“We have produced more milk, but have seen a fall in fertility. However we have been able to manage the system to limit the impact of other factors.”

Farm facts

  • Three milking groups

  • 70 elite cows who average more than 40 litres a day

  • A group of 100 fresh calvers and heifers

  • A group of 160 mid- and late-lactation cows

  • Cows are housed all year round

  • Far-off dry group may graze for some of the summer

  • TMR diet typically comprising 70% maize silage and 30% grass silage fed with a blend, beet pulp, molasses, chopped straw and minerals

  • All cows and heifers are bred by the RMS system

In June and July last year the farm was also affected by Schmallenberg. The consequence was a decline in conception rates three months later.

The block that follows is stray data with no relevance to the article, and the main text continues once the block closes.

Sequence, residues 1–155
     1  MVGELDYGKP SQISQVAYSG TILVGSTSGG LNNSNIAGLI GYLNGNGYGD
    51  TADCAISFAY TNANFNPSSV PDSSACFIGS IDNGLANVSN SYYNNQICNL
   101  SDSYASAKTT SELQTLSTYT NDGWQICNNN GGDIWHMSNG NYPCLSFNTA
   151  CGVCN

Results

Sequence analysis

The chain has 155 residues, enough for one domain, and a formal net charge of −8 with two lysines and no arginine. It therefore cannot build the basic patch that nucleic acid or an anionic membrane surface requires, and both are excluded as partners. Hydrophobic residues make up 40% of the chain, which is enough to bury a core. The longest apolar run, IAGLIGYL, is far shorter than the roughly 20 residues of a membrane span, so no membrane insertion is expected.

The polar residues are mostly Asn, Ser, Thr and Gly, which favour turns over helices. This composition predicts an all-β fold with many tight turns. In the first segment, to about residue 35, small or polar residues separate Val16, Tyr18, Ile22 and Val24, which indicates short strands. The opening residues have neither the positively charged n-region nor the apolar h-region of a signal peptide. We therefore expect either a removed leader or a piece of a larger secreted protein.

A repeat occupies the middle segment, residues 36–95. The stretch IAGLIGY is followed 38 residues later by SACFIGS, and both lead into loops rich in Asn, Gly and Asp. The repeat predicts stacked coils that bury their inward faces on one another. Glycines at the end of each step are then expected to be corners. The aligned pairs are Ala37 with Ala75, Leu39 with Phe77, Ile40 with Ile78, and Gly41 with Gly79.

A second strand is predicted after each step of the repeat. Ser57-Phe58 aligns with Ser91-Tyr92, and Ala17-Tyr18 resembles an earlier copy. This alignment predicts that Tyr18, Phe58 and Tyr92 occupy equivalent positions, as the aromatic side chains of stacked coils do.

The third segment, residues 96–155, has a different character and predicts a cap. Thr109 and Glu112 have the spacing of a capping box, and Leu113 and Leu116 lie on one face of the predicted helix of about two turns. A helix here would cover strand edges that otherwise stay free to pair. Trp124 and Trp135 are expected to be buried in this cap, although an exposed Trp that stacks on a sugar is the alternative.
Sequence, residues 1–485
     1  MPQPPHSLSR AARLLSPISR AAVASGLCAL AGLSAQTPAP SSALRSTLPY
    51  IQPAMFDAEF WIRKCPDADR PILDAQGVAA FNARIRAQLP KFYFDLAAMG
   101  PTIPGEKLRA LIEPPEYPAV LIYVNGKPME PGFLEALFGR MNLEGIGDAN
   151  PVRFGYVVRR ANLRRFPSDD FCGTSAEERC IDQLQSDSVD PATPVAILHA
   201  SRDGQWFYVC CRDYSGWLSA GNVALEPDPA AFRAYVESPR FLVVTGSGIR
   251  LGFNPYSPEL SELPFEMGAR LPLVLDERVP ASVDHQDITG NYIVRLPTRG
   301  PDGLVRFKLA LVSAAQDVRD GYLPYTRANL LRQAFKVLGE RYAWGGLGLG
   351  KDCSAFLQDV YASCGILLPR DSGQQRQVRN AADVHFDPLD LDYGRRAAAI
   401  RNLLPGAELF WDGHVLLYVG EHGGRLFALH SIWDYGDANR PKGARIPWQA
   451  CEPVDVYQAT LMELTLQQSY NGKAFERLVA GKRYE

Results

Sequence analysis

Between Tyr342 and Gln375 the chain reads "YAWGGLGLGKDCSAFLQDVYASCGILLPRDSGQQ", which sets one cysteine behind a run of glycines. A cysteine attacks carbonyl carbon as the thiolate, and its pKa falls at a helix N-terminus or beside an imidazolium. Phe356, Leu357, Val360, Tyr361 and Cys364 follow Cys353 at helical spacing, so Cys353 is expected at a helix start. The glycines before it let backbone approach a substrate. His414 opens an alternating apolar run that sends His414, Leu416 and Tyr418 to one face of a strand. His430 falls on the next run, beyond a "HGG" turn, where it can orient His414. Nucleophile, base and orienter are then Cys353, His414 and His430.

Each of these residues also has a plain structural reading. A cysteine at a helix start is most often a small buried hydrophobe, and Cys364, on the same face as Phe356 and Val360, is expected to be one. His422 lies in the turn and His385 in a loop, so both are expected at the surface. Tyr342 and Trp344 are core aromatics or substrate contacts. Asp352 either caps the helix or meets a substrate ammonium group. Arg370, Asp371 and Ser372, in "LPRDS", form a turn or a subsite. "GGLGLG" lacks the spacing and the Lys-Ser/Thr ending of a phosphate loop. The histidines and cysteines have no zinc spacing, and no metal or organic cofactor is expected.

“At the time pregnancy rates dipped to about 18%, but as we had identified the reason we did not have to invest time and possibly money looking for other reasons.

“Sometimes having the data just confirms the extent of a known problem rather than initiating action to sort it. Looking forward we will not be vaccinating against Schmallenberg this year, but will continue to monitor the situation.”

Variable forages have also had a big impact. Maize yields were down by about 20% a hectare and starch content was down at 26% compared with the more typical 30%. Wholecrop starch levels were even lower, down about 50% at 16% starch.